• Take a short walk after dinner. It can be just 20-30 minutes. Being outside is good for your digestion, you get some fresh air, and you rest your mind from all the activities you’ve completed during your busy day. A walk also sends signals to the body that it’s time to unwind and relax.
  • Get away from electronics (computer and TV) in the hour before bedtime. Instead, listen to a podcast on a topic you find interesting, queue up some relaxing music and listen with your eyes closed as you’re sitting on the couch, or read a book to stimulate your imagination.
  • Start a productivity planner before going to bed. Write a list of items that are top priority for the next day, mark them in the order of importance, note down how long you think you’ll work on each activity. This technique is useful because you train your mind to focus a few steps ahead so you don’t worry about forgetting something important, which in turn might keep you awake at night.
  • Have a cup of herbal tea (no caffeine), some warm milk with honey, or a magnesium supplement (either tablet or powder form) around the time your alarm goes off. These warm drinks can help you feel more sleepy.
  • Make your room sleep-friendly. Sleep in a well ventilated room, keep your window open at least a little, raise the blinds or move the curtains aside to let daylight in, and don’t place anything on your eyes so that your body can react to the natural morning light when it’s time to wake up. To prevent any noise from waking you up, invest in a good pair of soft silicone ear plugs like these so you can sleep through the night.
  • Take a deep breath of lavender. Lavender oil is often used to calm the senses and can help us relax before going to sleep. Keep a bottle on your night stand, and before you close your eyes, put 3–5 drops into the palm of your hand, then rub your palms together to release the essence of the oil. Inhale deeply a few times, then run your fingers over your temples, forehead, around your nose, and smooth them over your pillow for an additional soothing effect.
  • Optimize your sleeping pattern. There are always resources at your fingertips for turning sleep into a positive and lasting habit. Try one of these to get more ideas:

Why Doctors Are Unhappy

As a medical student, I was often unhappy. I would be stressed about the next exam, downtrodden after a surgeon just yelled at me in the OR, or worried that I may not match into the residency of my choice. These are just some of the feelings that doctors-in-training experience every day.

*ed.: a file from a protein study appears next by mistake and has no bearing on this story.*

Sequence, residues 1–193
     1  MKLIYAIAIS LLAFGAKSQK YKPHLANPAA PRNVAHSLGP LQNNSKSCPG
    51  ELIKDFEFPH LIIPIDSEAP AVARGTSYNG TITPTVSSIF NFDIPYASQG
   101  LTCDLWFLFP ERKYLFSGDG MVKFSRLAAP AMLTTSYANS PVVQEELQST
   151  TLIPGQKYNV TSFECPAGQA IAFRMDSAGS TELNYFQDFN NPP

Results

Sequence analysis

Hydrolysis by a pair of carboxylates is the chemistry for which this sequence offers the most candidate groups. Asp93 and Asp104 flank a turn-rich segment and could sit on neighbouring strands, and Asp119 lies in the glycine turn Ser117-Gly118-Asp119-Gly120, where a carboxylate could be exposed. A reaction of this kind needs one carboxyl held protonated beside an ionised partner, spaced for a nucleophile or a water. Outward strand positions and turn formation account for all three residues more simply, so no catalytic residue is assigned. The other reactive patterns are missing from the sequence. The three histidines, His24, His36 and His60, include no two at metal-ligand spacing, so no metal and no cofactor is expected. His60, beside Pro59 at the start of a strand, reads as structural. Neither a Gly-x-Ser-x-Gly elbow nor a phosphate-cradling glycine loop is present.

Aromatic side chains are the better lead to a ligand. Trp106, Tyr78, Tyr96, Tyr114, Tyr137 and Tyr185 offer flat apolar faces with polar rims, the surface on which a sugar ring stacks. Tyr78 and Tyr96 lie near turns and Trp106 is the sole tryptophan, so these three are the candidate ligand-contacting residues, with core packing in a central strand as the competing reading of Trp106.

Becoming a physician is no easy task. In the United States, it often takes 11-15 years of education after high school: 4 years of college, 4 years of medical school, and 3-7 years of residency. Along the way, you are faced with competitive admission committees, difficult exams, and uncertainty of whether you will make it all the way through.

Why put up with all of this stress and anxiety? Because young doctors are often looking forward to a “good life” later on. Not only are doctors viewed as financially well-off, but they are also among the highest respected professions in society. Therefore, we deal with what we have to in order to become physicians.

The promise of future salvation keeps us going. However, now that I’ve taken a leave of absence from medical school for two years to pursue an MBA, I’ve had the chance to reflect on the past three years of my medical school career. I recently read the book The Power of Now by Eckhart Tolle. In it, is the secret to why so many future doctors (and doctors) are unhappy.

There is no such thing as future salvation.

Eckhart Tolle stresses that if you are always looking forward to happiness in the future, then you will never be happy at all. You can only be happy in the now. If you are not happy now, then don’t expect to be happy later. Be happy now or be miserable forever.

But searching for future salvation is exactly what medical students, residents, and even physicians do. We are willing to put in the time and energy to become physicians because of the idea of delayed gratification. We’ll work our tails off now so that later we can live a life in which we can provide great care to our patients, get paid well for doing it, and live a more balanced life.

But that is a flawed mentality. I realize now that I was always looking forward to getting something over with in medical school: the next block of curriculum, the next United States Medical Licensing Exam, the next clinical rotation, etc. Once I got done with that one thing, I would hope that my life would be a little better. But it wasn’t.

And that is what we, as future physicians, do. We expect that life will be better once we are done with premed, medical school, and residency. But it doesn’t get better. It will stay the same…unless you change your mentality.

Enjoy the now. Enjoy studying for the organic chemistry test as a premedical student. Enjoy rotating through internal medicine as a medical student. Enjoy working 80-hour weeks as a resident. If you do not enjoy your current situation, you will not enjoy your future one. As Eckhart Tolle states, “Nothing has happened in the past; it happened in the Now. Nothing will ever happen in the future; it will happen in the Now.”

Be happy now. It is the only way to be happy ever.

Shaan Patel is the founder of 2400 Expert Test Prep, a #1 bestselling author, and MD/MBA student at Yale and USC. He raised his own SAT score from average to perfect and teaches students his methods in an online SAT prep class.